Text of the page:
A game for two people, or play online. Given a target number, say 23, and a range of numbers to choose from, say 1-4, players take it in turns to add to the running total to hit their target.

Given the products of diagonally opposite cells - can you complete this Sudoku?

A game for 2 people using a pack of cards Turn over 2 cards and try to make an odd number or a multiple of 3.

This article for teachers describes how number arrays can be a useful reprentation for many number concepts.

How can you use just one weighing to find out which box contains the lighter ten coins out of the ten boxes?

A game for 2 or more people. Starting with 100, subratct a number from 1 to 9 from the total. You score for making an odd number, a number ending in 0 or a multiple of 6.

Can you work out the arrangement of the digits in the square so that the given products are correct? The numbers 1 - 9 may be used once and once only.

Can you work out some different ways to balance this equation?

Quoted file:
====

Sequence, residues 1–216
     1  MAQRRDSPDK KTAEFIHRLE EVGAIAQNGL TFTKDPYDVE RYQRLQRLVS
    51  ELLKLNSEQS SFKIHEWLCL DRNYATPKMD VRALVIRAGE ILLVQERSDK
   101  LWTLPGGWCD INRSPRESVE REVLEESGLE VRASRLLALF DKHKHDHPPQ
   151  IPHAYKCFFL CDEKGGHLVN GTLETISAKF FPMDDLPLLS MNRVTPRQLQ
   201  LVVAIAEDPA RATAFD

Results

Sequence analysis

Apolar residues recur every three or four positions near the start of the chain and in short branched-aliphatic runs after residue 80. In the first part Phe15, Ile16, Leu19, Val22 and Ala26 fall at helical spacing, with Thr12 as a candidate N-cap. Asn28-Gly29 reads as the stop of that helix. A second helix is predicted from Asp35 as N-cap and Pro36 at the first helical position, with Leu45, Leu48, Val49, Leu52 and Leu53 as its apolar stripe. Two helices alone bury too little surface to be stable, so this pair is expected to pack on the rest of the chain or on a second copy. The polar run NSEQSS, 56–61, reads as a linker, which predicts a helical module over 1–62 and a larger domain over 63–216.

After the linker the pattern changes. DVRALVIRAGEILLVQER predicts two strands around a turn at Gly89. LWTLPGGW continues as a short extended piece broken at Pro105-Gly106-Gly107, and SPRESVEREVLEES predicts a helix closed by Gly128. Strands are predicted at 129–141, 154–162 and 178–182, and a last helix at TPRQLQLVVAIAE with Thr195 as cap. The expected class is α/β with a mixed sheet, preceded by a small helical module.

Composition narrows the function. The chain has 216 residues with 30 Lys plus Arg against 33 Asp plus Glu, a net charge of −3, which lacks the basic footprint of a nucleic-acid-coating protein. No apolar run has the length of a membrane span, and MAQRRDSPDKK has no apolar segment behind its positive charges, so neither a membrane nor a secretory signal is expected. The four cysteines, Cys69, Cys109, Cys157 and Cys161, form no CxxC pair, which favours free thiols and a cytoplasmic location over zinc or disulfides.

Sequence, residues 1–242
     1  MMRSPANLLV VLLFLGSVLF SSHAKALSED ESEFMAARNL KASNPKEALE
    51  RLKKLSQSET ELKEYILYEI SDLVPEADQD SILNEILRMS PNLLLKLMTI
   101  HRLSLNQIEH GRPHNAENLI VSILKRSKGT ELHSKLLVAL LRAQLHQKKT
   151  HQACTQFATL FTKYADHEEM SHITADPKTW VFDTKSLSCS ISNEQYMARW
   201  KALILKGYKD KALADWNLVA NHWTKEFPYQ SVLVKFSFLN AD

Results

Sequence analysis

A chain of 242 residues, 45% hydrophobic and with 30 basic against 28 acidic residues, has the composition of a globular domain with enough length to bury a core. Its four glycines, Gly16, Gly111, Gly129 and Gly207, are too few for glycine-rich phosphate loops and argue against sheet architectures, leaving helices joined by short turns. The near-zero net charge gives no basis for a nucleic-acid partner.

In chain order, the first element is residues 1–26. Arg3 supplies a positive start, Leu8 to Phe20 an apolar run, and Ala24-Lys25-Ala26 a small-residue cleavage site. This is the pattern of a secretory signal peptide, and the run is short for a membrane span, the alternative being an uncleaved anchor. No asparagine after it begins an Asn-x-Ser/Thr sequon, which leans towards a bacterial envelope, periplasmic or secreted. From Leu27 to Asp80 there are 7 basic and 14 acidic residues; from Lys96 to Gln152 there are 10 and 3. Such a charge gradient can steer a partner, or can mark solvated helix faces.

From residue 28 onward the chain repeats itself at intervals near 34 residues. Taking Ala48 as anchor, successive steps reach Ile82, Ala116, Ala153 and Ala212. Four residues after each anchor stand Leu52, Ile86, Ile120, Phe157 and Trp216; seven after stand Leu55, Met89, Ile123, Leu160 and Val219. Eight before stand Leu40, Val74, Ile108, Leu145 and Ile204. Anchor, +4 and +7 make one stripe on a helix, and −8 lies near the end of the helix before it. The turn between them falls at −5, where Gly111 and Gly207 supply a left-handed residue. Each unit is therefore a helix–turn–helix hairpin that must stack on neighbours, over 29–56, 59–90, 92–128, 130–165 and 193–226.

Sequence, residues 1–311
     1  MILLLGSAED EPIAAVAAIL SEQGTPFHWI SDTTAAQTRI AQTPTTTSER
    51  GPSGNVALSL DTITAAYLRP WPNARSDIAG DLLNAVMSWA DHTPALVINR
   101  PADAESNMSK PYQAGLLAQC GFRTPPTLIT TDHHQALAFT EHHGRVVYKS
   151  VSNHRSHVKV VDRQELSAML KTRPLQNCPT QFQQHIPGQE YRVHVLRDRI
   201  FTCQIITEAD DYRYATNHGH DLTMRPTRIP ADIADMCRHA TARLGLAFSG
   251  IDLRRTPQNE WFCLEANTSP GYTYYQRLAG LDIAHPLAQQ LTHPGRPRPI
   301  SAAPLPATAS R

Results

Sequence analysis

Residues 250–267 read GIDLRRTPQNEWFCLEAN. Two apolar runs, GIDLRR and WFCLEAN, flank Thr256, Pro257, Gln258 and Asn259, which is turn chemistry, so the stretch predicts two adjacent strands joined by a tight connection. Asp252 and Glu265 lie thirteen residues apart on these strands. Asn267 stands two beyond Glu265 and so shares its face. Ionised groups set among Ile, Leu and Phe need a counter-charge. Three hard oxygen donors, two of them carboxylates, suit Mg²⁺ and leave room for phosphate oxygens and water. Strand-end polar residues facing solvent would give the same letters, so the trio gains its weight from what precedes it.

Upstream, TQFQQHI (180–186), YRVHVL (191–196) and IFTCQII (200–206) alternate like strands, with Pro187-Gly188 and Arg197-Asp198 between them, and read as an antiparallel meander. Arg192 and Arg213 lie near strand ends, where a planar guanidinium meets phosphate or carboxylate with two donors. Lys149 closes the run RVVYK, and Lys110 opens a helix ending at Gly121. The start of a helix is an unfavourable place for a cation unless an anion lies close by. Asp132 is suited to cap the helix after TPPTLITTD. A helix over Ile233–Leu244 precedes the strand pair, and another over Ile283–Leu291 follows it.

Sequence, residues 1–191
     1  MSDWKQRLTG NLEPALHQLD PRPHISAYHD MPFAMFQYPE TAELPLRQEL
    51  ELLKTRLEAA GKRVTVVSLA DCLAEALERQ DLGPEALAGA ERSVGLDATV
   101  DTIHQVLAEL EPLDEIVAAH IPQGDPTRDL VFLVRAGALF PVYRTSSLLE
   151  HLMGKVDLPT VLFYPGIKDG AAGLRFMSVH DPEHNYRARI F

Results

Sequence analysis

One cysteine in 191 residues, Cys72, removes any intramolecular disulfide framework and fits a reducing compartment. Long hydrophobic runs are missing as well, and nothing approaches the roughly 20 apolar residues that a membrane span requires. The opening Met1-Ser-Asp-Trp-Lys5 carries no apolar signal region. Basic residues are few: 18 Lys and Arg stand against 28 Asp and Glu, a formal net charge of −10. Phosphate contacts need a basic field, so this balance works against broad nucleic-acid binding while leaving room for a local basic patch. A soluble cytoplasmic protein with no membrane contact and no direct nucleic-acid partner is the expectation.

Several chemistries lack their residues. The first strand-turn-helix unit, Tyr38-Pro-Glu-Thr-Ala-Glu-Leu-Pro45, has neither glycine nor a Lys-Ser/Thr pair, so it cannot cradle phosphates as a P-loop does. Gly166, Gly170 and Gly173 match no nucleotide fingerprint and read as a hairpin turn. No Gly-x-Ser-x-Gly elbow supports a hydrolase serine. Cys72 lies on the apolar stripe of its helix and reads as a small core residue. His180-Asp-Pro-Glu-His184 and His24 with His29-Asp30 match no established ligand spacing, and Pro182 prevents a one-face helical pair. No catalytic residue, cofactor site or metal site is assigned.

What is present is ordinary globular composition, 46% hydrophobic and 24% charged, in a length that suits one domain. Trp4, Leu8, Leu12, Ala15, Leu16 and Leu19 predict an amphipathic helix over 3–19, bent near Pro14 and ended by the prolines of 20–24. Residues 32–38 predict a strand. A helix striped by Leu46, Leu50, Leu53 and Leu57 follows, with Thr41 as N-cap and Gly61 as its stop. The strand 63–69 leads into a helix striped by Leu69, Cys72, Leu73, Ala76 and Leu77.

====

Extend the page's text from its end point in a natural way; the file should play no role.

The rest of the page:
Can you order the digits from 1-3 to make a number which is divisible by 3 so when the last digit is removed it becomes a 2-figure number divisible by 2, and so on?

Can you complete this calculation by filling in the missing numbers? In how many different ways can you do it?

Investigate the sum of the numbers on the top and bottom faces of a line of three dice. What do you notice?

Look at three 'next door neighbours' amongst the counting numbers. Add them together. What do you notice?

Have a go at balancing this equation. Can you find different ways of doing it?

56 406 is the product of two consecutive numbers. What are these two numbers?

Four of these clues are needed to find the chosen number on this grid and four are true but do nothing to help in finding the number. Can you sort out the clues and find the number?

An investigation that gives you the opportunity to make and justify predictions.

What is the lowest number which always leaves a remainder of 1 when divided by each of the numbers from 2 to 10?

Are these statements always true, sometimes true or never true?

Benâ€™s class were cutting up number tracks. First they cut them into twos and added up the numbers on each piece. What patterns could they see?